Growing Roots in Northern Alberta: Musings on Community, Creative Process & Book Publishing

The signs of spring in northern Alberta happen slowly, then all at once: the wild crocuses silently arriving when the ground is still half-frozen, the geese honking, loudly announcing their return from the south, and finally, the aspen opening their tender green buds, flooding the brown valley with the softest shade of green you’ve ever laid eyes on.

Yesterday afternoon, the May sun poured into my trailer, warming my rectangular home with such intensity that I finally turned off my fussy diesel furnace and I didn’t bother lighting a fire in the wood stove. It felt somewhat ceremonious turning off the furnace: a little flicker of pride stirred in my chest. Winter was over. I had survived my first winter alone on the land in northern Alberta. I had managed to hang onto even just a shred of sanity despite a series of unfortunate events: frozen pipes, busted furnaces, the very un-romantic task of splitting wood, everyday, and contending with faulty water pumps by hand scooping water from my cistern. What a season.


I didn’t expect to make a home in this tiny northern town over the winter. I never anticipated staying. Last year, I came home with only one thing on my mind: writing and re-writing my book. I lived in my parents’ basement for four months and breathed all things Women Who Dig. That was it. That was my sole purpose. Then the fire tower called. Then I learned that the book would actually become a published book. Then the most important relationship in my life unraveled and all the plans that went along with that were no longer. Then everything changed and I didn’t know where else to go.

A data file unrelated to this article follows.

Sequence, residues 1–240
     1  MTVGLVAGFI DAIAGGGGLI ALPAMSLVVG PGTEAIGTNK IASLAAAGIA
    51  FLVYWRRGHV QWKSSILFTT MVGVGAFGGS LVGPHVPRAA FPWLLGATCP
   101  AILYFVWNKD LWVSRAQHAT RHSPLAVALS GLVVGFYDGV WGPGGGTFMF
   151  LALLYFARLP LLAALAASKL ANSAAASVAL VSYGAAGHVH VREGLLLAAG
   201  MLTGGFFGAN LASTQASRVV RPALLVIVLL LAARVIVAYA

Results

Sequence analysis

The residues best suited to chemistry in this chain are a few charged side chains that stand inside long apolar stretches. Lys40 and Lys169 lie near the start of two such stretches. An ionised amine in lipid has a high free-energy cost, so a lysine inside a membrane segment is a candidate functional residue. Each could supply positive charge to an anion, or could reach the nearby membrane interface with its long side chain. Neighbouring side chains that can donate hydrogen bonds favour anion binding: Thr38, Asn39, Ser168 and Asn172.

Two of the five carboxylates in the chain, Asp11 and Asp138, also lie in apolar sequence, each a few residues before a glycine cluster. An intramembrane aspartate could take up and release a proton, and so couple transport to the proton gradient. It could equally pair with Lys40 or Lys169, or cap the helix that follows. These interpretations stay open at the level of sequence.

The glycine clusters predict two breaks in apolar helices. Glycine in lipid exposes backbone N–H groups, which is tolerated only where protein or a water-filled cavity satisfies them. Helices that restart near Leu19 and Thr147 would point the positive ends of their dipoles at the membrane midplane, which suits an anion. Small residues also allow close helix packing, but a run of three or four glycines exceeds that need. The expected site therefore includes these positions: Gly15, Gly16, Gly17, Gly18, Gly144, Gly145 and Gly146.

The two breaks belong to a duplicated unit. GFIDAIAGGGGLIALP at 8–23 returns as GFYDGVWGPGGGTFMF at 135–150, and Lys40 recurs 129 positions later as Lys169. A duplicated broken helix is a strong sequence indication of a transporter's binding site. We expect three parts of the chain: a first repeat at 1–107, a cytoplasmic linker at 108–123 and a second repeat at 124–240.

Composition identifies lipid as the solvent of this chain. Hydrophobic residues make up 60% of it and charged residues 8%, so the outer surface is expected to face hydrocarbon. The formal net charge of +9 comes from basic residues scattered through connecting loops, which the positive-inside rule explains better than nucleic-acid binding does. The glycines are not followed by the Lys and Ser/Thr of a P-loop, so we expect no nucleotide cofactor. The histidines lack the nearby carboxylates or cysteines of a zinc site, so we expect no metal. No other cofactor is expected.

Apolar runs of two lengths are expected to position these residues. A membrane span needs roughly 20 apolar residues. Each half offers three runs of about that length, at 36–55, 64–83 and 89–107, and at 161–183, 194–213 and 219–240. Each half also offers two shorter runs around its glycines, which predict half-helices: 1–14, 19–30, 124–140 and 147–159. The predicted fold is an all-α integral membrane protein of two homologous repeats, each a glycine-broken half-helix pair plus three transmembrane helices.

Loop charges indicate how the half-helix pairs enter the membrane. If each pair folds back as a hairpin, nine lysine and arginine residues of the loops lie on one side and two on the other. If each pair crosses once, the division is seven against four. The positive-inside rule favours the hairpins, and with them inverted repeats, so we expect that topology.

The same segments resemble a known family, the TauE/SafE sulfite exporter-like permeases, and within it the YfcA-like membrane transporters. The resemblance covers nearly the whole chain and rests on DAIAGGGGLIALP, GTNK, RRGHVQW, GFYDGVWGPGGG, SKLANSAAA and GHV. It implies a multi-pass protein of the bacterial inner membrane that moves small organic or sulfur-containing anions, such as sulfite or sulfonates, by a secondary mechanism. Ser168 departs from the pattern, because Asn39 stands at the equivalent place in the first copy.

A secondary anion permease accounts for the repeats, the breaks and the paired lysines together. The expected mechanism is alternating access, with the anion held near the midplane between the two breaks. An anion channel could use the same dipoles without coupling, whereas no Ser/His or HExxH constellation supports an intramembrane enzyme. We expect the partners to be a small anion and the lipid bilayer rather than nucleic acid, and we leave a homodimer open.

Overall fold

I stayed north. Even the idea of driving five hours to the south, to the city, seemed exhausting. After so many years of living abroad and traveling — often with the goal to learn from rural communities in the Global South, and collect stories from female farmers for Women Who Dig — I was physically, intellectually, emotionally, and creatively spent. I didn’t want anything to do with travel.

And, truth be told, I didn’t want anything to do with my book. Whenever I opened the manuscript, I cringed. Simply re-reading excerpts of the book, traveling back to those rice paddies in India, or sweet potato fields in Uganda, was an exercise in exhaustion. I distanced myself from the text. I mourned the book, and in a sense, the part of me that was no longer in motion. When I read the protagonist’s journey, I could barely remember who that person was, or who she was when she wrote it. I couldn’t recognize myself in the story — a very awkward, jarring kind of feeling — given that the book had become so much of my identity, past and present, and come the future, I’d have to share the story with so many people, to re-live the experience, to defend the ideas I wrote so passionately about. Thinking about my book practically made me sick with anxiety. So I put it down.

And I picked up an axe. I split wood all winter. I worried myself less with writing and more with simply keeping my trailer adequately warm (which it never quite was), keeping food in the fridge, and surviving. I barely wrote a thing for eight months, save for little Instagram poetics, a half-baked essay that captured the uncertainty I felt, and postcards sent to friends in distant places.